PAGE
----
$55,000 USD | Sold
| Hershey, Pennsylvania
- From a prominent, climate-controlled collection
- A foundational and truly significant piece of automotive history
- Desirable 6C example featuring rear brakes, a larger engine, and more spacious body
- Remarkably well-documented, with known history from 1943 to present; accompanied by original wooden bodywork
- A highly useable and enjoyable early motorcar benefitting from widespread club support
- Eligible for countless tours worldwide, including the prestigious London to Brighton Veteran Car Run
Entering full production in 1901, Ransom Eli Olds’ Oldsmobile Model R is generally considered to be the first motor vehicle to be successfully mass-produced on an assembly line using interchangeable parts. The “Curved Dash Olds” was a sales success as well, enjoying a series of upgrades before production ceased in 1907. The Model 6C was introduced for 1904, benefitting from substantial improvements including a larger body, rear brakes (plus the previous transmission brake), and a bigger horizontally mounted single-cylinder engine producing 7 horsepower.
The Curved Dash Oldsmobile’s tremendous cultural impact—it even spawned a popular 1905 motoring ditty, “In My Merry Oldsmobile”—made it a popular option among early collectors, and it played a foundational role in the formation of the classic car hobby as we know it today.
Case in point: The 1904 6C Runabout offered here. Its history can be traced back to 1943, when it was acquired by Thomas Archibald of Norwalk, California. Though its prior history is unknown, it is fitted with a circa-1907 California Motor Vehicle Registration badge (number 9058), suggesting it resided in the Golden State from nearly new. Archibald would be the Oldsmobile’s caretaker for half a century, and correspondence on file, including letters from Curved Dash authority George C. Green, speak to his enthusiasm for the car and his keen desire to maintain it in peak operational condition.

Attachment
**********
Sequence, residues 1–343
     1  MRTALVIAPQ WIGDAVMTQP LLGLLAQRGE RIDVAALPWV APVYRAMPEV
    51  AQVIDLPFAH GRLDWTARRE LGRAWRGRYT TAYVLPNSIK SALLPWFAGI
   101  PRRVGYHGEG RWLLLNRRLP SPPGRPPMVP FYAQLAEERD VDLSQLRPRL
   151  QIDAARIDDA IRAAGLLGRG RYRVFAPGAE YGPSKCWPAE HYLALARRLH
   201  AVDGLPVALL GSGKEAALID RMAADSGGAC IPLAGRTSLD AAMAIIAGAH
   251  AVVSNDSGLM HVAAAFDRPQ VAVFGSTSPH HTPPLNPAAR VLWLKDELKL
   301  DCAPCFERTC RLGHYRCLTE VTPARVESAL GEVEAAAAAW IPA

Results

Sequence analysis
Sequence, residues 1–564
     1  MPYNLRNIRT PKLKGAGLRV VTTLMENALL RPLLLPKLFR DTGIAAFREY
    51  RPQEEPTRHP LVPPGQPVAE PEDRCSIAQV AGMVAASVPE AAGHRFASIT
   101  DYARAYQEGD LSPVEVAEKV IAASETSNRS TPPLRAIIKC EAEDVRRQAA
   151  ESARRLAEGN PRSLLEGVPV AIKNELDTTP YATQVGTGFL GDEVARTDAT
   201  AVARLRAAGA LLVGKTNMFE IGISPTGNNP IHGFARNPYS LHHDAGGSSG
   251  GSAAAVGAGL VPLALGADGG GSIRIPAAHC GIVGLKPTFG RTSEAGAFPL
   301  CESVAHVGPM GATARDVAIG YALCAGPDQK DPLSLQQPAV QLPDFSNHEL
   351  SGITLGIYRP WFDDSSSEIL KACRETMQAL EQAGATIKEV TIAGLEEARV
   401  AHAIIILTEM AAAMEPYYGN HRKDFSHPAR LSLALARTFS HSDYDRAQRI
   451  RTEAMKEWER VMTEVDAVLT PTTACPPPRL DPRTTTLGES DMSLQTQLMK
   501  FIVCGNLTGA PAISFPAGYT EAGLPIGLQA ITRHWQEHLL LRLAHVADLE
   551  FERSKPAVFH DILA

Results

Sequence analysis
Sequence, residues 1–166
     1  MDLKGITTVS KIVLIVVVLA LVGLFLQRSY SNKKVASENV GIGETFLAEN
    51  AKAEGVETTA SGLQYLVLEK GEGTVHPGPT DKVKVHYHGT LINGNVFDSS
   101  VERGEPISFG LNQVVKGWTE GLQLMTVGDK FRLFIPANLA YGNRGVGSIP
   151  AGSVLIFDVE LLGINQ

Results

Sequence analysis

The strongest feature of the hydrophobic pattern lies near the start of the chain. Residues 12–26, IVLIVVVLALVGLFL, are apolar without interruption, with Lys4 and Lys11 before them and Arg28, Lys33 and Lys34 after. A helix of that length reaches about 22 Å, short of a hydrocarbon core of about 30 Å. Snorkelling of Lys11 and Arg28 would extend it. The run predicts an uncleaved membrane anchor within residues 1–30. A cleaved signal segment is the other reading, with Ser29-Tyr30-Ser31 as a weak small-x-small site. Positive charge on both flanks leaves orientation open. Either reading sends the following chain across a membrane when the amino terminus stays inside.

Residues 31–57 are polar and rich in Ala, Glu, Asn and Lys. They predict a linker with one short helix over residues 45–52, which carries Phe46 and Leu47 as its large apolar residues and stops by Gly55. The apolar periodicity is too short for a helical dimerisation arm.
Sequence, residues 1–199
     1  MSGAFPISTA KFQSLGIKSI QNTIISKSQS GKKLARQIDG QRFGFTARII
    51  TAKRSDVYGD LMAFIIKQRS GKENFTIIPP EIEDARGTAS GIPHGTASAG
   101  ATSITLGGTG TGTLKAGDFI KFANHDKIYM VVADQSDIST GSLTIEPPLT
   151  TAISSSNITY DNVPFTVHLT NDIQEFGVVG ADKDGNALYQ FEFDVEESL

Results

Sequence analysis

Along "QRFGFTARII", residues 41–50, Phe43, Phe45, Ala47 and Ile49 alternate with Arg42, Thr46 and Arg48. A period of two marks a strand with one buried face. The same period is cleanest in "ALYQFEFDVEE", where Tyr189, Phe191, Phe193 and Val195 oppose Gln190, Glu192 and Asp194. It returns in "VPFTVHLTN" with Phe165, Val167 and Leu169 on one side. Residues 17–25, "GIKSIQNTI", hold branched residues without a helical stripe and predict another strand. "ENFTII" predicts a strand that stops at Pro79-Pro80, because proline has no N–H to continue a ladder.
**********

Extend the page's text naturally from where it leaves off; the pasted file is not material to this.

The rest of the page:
In the early 2000s, the Oldsmobile joined a respected collection in western Michigan, and the car was soon restored to its present beautiful condition. Further correspondence on file, including exchanges with Oldsmobile guru Gary Hoonsbeen, illustrates the lengths to which the car’s owners went to ensure proper mechanical function and correct cosmetic appearance. As part of this project, a new wooden body was built by P. Gluck Woodworks of Oak Park, Michigan. It is finished in a beautiful and proper black and carmine red, with gold leaf pinstriping, and wooden wheels wrapped in white rubber tires. The interior has been beautifully upholstered in diamond-tufted black leather, and the brass trim, which is evident throughout, has been polished to a beautiful shine.
This example is accompanied by a thick file of restoration documentation, photographs, and reprinted period Oldsmobile brochures and a parts catalogue, as well as its original bodywork. It would be a superb entrant to fine vintage car events, including the famed London to Brighton Veteran Car Run—as, indeed, so many of the “Merry Olds” have been over the years.